Monday, October 4, 2010

Money Saving Monday-Keeping More of Our Hard Earned Moolah in Our Pockets

Resisting Marketing Ploys

I believe that one way we can really save a lot of money is by educating ourselves about all the marketing schemes out there.  Millions and millions of dollars are spent every year trying to figure out ways to get more of our money.  As much as I could go on about this for hours, I will just go over a few of the countless Grocery and other marketing strategies that are out there:
  •  All the usual Grocery marketing strategies:  
    • Putting the basics that you might run into the store for, such as milk and eggs, at the back of the store so that you have to walk past lots of different products on your way there.
    • Playing a certain type of music in a store to make you feel comfortable and want to stay longer and spend more money.
    • Some grocery stores occasionally re-arrange their products so that you purposely won't be able to find what you are looking for, hoping that as a consequence you will look at more products and buy more, while trying to find what you came for.
    • Placing Children's cereal at their eye-level so that they will see it and want you to buy it.
    • Did you know that companies actually pay to have a certain spot on the shelves of grocery stores?  Companies with more money will have their products at your eye-level. 
    • Sales where items are 10/$10.  Often you do not have to buy 10 items to get them for $1 each.  I do not know of any stores in my area, besides gas stations and occasionally Walgreen's, were you actually have to buy the advertised number of items to get the sale price.  Ask someone at your own store how their sales work.  
    • Buy One, Get One Free sales.  Not all stores require you to actually buy both items.  Kroger stores give you each item for half price when they have a B1G1 free sale.  Many stores however, do charge you full price for the first item and the second item rings up as free.
    • Putting "sale" items in fliers.  Just because something is in your local store's sale flier does not mean that it is a good price, or even that it is on sale for that matter.  Become familiar with your area's usual prices, to know if something is really a good price. 
  • Coupons:  Coupons are a HUGE marketing strategy as you probably well know.  There is a good reason why companies offer coupons on products, they are hoping you will buy their product because you have a coupon for it.  Make sure you are not buying a product simply because you have a coupon for it.  Ask yourself:  "Would I be buying this product even if I didn't have a coupon for it?"  Even if something is only .25 or .50 after using a coupon, it really isn't saving you any money  if you don't need that product in the first place.  Make coupons work for you, instead of against you.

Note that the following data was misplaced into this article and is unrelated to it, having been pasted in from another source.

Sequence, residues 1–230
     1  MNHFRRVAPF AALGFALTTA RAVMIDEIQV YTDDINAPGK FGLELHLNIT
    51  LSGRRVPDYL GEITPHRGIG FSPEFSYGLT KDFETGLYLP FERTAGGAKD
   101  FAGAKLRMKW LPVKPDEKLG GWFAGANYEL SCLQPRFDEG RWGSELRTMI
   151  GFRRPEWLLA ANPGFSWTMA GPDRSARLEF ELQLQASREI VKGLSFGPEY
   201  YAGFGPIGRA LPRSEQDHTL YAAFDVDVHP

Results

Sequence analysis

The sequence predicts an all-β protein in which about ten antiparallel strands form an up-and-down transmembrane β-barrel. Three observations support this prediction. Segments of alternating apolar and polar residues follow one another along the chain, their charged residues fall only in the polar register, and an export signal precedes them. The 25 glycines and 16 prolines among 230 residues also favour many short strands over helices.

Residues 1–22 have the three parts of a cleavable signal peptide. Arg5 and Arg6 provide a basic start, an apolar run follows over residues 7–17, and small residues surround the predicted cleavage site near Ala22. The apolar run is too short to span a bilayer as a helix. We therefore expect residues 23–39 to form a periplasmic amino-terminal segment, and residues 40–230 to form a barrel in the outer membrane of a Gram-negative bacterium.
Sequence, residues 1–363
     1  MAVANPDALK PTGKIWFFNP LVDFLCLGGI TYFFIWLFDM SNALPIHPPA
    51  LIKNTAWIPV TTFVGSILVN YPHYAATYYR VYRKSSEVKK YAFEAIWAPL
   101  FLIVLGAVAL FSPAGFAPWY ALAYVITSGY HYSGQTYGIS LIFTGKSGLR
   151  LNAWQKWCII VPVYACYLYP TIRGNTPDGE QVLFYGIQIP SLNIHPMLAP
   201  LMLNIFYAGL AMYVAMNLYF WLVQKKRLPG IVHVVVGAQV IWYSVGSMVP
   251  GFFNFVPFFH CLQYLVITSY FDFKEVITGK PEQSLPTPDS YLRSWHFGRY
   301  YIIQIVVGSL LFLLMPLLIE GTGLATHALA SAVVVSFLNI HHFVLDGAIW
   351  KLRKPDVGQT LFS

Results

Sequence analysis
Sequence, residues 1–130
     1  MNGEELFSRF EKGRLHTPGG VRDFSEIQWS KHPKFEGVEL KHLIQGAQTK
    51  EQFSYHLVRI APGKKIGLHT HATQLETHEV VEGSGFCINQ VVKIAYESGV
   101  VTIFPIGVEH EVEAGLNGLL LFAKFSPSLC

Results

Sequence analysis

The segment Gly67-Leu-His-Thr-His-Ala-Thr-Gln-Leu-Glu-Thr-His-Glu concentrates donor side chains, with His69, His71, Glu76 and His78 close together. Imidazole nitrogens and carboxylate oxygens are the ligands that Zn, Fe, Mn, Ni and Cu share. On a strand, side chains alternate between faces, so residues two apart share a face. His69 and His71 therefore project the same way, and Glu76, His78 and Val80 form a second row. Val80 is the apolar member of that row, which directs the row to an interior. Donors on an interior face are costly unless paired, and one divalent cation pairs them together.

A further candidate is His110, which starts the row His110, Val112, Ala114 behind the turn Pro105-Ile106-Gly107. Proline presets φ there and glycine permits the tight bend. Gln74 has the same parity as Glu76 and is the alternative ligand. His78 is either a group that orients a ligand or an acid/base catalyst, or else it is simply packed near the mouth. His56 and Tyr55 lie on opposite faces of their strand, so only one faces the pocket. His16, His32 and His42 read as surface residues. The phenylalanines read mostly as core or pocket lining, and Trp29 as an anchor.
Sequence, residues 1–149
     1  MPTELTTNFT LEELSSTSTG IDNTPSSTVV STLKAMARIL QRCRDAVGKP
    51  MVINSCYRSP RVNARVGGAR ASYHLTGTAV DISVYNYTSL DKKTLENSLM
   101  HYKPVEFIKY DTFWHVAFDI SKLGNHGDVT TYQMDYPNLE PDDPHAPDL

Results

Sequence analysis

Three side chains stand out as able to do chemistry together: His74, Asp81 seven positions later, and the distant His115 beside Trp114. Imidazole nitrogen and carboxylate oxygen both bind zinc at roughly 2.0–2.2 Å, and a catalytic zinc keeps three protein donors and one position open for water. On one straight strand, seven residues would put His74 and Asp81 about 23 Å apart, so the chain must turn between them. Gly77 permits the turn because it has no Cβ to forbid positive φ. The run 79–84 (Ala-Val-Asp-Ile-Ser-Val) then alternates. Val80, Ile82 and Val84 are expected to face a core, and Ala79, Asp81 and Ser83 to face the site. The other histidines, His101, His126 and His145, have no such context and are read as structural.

• "Better Value" Prices:  
    • A lot of times, companies offer one item for say $1, then they will offer twice that amount for possibly only pennies more.  Sometimes this really is a great deal and can save you money, if you will use that additional amount of product.  But sometimes it is hard to resist that "better value" when you really don't need the additional amount.  One thing that immediately comes to mind is beverage prices at fast food places.  You can get a 20 oz. drink for $1.16 or a 32 oz drink for only $1.30.  Even though the larger size is a better value, if you really don't need 32 oz. of beverage, it is not saving you any money.  In fact it could potentially be hurting you, if you don't want to waste those extra 12 oz., so you end up consuming way more sugar and calories.
    • Pay attention to the price per ounce of bulk items at grocery stores.  It amazes me that at my local Wal-Mart it is very often a better value to buy items in a smaller size.  They are counting on the fact that you will just assume that since something is in a larger size, that you are getting a better value.  Make sure you look at how much it costs per ounce for items when you are comparing sizes.  I think that sometimes companies put larger sized amounts in quantities that make it more difficult to calculate in your head.  You may want to bring a calculator with you or check and see if the price-per ounce is listed on the shelf tag.